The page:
Lucy Worsley on The Lost World of Dorothy Hartley

Updated on 06 November 2012 | 0 Comments

Never heard of food journalist Dorothy Hartley? Then you have to watch this fascinating new documentary on BBC Four presented by Lucy Worsley.

We’re big fans of the work of Dorothy Hartley here at lovefood HQ, describing Food in England as ‘the best food book you’ve probably never heard of’. And we’re not alone, it seems. Historic Palaces historian and TV presenter Lucy Worsley has spent the past year researching Hartley’s life and work for a new show on BBC Four which airs on Tuesday 6th November at 9pm. I went to lunch at Kensington Palace to meet her.

Lucy arrived at the splendid orangery restaurant with a package under her arm, which she unwrapped to reveal a first edition copy of Hartley's book... “and it’s even got the original press release in it!” she says. I am suitably impressed.

Original press release

The book has resided in her office at Hampton Court since she got there. “It’s something that has informed the work in the Tudor kitchens. But it’s only more recently that I’ve come to appreciate its… poetry, I suppose. Because it’s not just a facts book, is it?”

It’s not; it's more a love letter to a lost age. Consequently its facts are all uncorroborated. “When I first used it as an historian I got slightly frustrated that it has no footnotes in it. But as you know if you sit down and read it, that’s just not the point of it; it’s an enthusiastic riff on the subject,” says Lucy.

Hartley perhaps anticipates this in her introduction, stating ‘will historians please forgive me that these bits are for cooks, not historians’.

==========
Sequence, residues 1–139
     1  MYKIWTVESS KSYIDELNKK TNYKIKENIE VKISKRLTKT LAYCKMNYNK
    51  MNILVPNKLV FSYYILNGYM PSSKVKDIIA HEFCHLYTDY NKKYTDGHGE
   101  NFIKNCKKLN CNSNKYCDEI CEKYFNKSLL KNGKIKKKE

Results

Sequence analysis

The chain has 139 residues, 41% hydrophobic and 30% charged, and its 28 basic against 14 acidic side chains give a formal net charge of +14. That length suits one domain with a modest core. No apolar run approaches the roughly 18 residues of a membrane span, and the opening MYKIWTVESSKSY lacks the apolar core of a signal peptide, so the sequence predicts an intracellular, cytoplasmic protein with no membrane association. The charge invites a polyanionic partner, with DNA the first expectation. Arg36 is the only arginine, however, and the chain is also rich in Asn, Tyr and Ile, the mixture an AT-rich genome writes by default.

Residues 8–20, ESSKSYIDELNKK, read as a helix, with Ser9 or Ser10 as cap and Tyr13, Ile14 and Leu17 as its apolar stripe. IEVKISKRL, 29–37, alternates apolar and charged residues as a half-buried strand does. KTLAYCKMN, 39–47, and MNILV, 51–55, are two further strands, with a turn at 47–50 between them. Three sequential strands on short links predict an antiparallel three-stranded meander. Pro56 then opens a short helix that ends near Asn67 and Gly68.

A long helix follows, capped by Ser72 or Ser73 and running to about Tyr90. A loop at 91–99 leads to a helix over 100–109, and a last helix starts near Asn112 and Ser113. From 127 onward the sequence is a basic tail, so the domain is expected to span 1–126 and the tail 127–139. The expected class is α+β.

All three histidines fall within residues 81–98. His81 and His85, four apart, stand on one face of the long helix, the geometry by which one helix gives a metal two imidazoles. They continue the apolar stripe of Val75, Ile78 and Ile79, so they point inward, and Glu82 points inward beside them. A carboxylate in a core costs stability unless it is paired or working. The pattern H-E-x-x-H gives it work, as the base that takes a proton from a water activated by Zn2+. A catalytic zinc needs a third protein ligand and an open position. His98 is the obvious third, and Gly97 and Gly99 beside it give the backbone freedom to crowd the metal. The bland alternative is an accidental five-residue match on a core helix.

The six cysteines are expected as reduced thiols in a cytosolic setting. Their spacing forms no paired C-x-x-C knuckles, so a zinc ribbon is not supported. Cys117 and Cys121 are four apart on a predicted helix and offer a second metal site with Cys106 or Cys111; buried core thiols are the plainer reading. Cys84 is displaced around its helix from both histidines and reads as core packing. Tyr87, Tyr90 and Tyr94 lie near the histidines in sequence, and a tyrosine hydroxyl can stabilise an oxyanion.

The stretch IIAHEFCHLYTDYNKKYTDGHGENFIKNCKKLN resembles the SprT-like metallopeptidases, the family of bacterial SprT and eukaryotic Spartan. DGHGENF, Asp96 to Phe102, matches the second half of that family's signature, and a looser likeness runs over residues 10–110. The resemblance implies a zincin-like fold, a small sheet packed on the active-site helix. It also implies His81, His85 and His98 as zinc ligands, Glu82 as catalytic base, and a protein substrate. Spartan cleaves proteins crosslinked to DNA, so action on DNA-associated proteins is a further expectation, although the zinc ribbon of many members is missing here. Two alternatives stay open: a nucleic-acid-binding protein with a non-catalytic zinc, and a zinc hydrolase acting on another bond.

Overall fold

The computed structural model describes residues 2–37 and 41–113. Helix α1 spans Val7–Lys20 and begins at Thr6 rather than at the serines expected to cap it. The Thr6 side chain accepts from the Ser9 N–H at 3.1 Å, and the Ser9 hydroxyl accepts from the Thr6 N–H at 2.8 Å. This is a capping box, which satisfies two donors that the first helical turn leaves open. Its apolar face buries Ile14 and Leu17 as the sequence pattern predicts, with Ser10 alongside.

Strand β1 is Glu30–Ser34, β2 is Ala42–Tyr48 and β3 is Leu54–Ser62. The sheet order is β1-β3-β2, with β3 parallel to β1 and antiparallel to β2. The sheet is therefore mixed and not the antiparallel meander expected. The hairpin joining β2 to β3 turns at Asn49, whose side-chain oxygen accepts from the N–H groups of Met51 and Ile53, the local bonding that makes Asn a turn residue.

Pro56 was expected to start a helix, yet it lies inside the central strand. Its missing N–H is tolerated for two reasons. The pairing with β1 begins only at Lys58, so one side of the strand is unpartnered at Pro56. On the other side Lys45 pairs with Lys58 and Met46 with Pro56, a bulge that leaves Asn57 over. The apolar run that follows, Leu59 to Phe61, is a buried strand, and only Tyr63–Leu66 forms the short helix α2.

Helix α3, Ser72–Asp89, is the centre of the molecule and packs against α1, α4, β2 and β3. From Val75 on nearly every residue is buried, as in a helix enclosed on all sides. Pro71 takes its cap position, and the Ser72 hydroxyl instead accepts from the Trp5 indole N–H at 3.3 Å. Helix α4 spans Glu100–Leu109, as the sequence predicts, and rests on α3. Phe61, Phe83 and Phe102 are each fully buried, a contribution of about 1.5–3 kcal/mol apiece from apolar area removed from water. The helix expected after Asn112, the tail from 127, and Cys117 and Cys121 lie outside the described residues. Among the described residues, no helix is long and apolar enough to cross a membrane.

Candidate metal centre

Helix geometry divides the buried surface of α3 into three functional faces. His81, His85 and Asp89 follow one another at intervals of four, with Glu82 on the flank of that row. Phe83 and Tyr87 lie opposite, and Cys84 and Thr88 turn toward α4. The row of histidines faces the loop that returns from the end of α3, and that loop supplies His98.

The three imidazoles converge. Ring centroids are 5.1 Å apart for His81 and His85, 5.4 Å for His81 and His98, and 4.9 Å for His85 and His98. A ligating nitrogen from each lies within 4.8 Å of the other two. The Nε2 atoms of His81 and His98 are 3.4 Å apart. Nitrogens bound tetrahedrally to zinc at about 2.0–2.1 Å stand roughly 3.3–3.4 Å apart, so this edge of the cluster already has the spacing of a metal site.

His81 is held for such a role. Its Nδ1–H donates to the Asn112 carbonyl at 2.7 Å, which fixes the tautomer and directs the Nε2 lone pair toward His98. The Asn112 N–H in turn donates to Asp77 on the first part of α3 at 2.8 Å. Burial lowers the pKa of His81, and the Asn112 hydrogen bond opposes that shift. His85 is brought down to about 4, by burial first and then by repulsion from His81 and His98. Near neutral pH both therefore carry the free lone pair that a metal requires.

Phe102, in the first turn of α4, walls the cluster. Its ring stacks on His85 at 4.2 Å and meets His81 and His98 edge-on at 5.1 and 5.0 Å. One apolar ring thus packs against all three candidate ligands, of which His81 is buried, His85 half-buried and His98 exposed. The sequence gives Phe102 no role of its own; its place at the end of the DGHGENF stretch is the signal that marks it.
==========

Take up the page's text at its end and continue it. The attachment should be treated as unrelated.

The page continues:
Cooking Hartley's recipes

In one scene in the show, Lucy recreates a ‘bargee’s pail’ (a bucket heated over a slow fire containing water, which heated a jar containing meat and vegetables, much like a slow cooker). “It was rib sticking stuff!” says Lucy, which was probably just what you needed if working a barge on the canals.

Lucy and Dorothy's HandbagPerhaps Lucy's most personal connection to Hartley came when she visted Hartley’s last house in Wales. “I looked inside her handbag, and that’s such an intimate thing to do. In one sense I felt like an intruder, but then I thought, Dorothy would do that, because she nosed about everywhere recording everything”.

I get the sense this has been a fascinating project for Lucy, precisely because it’s all so recent. “For me it's unusual, because most of the people I research have been dead for centuries! It was strange to go there and meet her friends who are still alive”. 

She ends lunch with one final story. “I was interviewing people in her village when I came across Malcolm Whiles, whose family has been village fixers for decades. It was just fabulous to talk to him. Dorothy died in 1985, and this guy talks about her as if it was yesterday. I just got the sense that he missed her, that he valued her… look, little tears are coming to my eyes when I think of that. And he called her Miss Hartley in an old fashioned way that was so admirable.”

The Lost World of Dorothy Hartley, BBC Four 9pm Tuesday 6th November.

If you’d like to explore more of Hartley’s writing, Prospect Books have just published an accompanying anthology of her print journalism also entitled ‘The Lost World of Dorothy Hartley’ - an ideal Christmas present for that special foodie in your life.

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